PHILADELPHIA -- Chemistry between linemates can be a strange thing. Success can be found in the oddest of places.
One example is the Ottawa Senators' Kid Line -- rookies Mika Zibanejad, Jakob Silfverberg and Cory Conacher. In three games together, the trio has combined for six points and been the Senators' most consistent despite the team's losing streak growing to six games.
"We felt that would be a good fit for Conacher to come in and ease into our lineup," MacLean said. "We could play them against other team's third lines as opposed to their first or their best lines, their top two lines. We could play them against the bottom two lines and give him an opportunity to get comfortable with our team and how we play. That was the thought process to begin with."
What he created so far has developed into so much more.
"They've played well enough that we play them against anybody," MacLean said.
Having consistent linemates has been the best part of Conacher's experience so far in Ottawa.
"In Tampa … I played with a lot of different people, and here so far the coach has been able to get me comfortable with just two guys and that's huge for our chemistry," Conacher told NHL.com. "We know the next game that we're going to be playing together again, playing together throughout the game and it's not going to be switched around too much. That's huge. We play together 5-on-5 and on the power play. That builds chemistry a lot faster than it would if we were playing together here and there. It's important for all of our development."
Conacher said the trio has become close.
"Off the ice I've been able to bond with the two guys," he said. "If you have that off the ice, it comes and it shows on the ice, as well. So far it's been good for us. We've been playing well together."
All three players said they were surprised at how quickly they've jelled as a unit. While Zibanejad and Silfverberg had been occasional linemates this season, all they really knew of each other was from playing for rival American Hockey League teams.
"It was a bit of a pain in the butt [playing against them]," Conacher said. "They're good players."
Silfverberg told NHL.com of Conacher, "He's a small guy (5-foot-8, 179 pounds), but he's very tough to get to. He squeezes by you easily. You think you have him but you clearly don't. He always finds a way to get around you. He's a really skilled guy with the puck. He's tough out there."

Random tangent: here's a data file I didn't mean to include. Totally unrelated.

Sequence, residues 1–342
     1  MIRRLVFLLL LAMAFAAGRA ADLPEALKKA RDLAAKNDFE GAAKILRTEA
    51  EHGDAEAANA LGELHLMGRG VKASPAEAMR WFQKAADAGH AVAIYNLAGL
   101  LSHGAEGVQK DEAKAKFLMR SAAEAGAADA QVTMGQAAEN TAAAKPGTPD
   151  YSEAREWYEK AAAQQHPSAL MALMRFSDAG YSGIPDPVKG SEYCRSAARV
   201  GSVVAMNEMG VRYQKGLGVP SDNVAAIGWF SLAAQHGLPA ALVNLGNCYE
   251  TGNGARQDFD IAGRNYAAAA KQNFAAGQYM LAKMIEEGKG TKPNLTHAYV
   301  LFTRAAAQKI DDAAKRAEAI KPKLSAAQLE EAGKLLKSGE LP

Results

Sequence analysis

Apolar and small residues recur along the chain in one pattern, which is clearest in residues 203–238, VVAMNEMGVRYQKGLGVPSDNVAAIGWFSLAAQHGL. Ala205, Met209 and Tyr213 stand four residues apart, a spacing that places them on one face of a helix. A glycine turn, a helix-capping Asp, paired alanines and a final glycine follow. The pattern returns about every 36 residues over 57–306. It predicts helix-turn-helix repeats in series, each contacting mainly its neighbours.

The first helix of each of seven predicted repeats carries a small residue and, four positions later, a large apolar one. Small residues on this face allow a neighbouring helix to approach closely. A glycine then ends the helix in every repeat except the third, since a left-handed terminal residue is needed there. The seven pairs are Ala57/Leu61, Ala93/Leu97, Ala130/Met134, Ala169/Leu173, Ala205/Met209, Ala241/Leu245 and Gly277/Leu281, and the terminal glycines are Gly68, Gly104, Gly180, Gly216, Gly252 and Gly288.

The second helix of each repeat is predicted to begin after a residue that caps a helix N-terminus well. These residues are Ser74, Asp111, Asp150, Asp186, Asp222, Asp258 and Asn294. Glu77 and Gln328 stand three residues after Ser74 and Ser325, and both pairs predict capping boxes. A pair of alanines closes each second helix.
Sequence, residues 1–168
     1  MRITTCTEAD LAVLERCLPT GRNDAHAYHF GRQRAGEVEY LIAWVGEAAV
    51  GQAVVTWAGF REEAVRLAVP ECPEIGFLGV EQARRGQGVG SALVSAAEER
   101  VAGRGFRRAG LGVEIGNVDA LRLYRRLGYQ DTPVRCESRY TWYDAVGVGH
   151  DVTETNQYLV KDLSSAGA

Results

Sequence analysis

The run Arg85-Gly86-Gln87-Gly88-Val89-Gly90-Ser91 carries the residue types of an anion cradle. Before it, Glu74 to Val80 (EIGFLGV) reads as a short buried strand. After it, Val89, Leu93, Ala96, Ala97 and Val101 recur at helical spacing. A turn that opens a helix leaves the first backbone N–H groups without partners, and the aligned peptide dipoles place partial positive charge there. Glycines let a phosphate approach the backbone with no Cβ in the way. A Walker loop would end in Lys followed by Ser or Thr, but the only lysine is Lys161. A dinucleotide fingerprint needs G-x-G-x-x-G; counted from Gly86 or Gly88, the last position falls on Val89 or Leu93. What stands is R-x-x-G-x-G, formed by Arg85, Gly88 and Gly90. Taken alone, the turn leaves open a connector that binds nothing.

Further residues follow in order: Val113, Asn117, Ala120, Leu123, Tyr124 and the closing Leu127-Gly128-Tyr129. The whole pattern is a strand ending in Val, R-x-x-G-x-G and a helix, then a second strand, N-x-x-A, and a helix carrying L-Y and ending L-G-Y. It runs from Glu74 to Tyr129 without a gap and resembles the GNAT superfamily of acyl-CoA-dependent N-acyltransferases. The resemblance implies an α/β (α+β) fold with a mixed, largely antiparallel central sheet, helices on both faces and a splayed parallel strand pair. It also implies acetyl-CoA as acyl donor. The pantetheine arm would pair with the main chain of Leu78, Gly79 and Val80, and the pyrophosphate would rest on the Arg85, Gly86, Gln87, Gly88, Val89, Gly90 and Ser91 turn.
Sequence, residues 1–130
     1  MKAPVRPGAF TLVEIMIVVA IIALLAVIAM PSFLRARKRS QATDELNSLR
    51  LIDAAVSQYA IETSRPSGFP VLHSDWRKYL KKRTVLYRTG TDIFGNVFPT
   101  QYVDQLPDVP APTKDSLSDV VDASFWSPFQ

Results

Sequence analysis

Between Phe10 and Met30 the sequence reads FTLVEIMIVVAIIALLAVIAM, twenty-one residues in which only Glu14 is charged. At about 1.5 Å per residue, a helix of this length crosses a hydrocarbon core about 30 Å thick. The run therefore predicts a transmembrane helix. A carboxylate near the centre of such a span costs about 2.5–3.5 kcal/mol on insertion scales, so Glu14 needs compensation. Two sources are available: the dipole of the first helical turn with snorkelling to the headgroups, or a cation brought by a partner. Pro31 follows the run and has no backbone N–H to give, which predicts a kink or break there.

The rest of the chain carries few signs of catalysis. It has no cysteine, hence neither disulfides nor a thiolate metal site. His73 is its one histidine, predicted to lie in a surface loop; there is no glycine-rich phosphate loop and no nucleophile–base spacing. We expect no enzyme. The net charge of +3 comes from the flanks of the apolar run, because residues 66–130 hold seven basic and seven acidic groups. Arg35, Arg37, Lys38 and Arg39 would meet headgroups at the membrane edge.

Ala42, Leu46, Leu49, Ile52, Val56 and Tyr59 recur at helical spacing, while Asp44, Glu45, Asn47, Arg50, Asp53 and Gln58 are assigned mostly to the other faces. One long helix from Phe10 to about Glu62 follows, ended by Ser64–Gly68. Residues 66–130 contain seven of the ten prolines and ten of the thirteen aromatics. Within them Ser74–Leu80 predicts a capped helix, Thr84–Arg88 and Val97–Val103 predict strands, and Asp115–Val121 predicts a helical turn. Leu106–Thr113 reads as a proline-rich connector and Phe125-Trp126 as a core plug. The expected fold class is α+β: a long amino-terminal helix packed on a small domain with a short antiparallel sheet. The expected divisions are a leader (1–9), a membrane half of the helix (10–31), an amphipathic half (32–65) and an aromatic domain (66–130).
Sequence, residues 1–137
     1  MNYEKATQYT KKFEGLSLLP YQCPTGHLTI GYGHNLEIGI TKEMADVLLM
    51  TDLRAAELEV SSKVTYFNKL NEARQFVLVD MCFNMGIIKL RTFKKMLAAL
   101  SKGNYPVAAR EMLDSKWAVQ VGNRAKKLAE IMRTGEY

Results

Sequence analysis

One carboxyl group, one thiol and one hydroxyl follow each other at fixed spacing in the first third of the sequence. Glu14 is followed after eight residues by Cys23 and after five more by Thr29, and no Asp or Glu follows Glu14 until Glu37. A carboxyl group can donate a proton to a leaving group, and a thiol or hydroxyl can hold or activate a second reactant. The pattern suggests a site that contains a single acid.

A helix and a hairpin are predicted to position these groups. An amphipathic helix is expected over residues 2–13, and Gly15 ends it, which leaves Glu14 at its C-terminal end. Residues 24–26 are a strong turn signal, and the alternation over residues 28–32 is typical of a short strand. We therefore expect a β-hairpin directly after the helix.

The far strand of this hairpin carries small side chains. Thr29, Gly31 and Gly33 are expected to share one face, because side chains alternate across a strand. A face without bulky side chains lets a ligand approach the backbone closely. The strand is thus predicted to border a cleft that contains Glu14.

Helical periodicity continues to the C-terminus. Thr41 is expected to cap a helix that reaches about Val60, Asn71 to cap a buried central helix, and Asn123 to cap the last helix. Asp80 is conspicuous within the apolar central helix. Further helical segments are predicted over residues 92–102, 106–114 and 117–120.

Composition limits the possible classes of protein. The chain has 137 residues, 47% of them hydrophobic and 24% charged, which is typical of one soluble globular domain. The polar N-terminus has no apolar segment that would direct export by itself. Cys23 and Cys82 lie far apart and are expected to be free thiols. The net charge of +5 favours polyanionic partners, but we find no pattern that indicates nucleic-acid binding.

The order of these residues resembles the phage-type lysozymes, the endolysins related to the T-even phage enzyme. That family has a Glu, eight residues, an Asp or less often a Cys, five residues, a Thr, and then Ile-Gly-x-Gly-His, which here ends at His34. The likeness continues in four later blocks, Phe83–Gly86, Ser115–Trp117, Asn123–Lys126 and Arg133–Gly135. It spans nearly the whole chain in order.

All three players have been making it hard on the opposition since coming together.
"They’ve played well for us," Senators captain Daniel Alfredsson said. "All three are pretty quick, they're all strong on the puck and can make plays. It's a line that's moved the puck around well, creates chances off the cycles, finding openings for people. It's been a good energy line for us and a line that's been providing offensively. … Silfverberg and Zibanejad were playing pretty good before. Conacher came and he's been a nice addition to that line. He brings skill and speed that we need."
Zibanejad told NHL.com constant communication has been a big part of the line's success. While he and Silfverberg have been known to slip into Swedish while on the ice (Zibanejad was born in Finland but developed his skills in Sweden), he isn't sure if their Canadian-born, NCAA-educated linemate is prepared to learn a new language.
"I don't know if he's ready for it," Zibanejad said with a laugh.
Conacher said he's already picked up a few words and likely will learn more if the trio continues to produce and stay together.
"Hopefully we can build off that chemistry we've had so far and continue to develop as young players and get better," Conacher said.
Contact Adam Kimelman at email@example.com. Follow him on Twitter: @NHLAdamK
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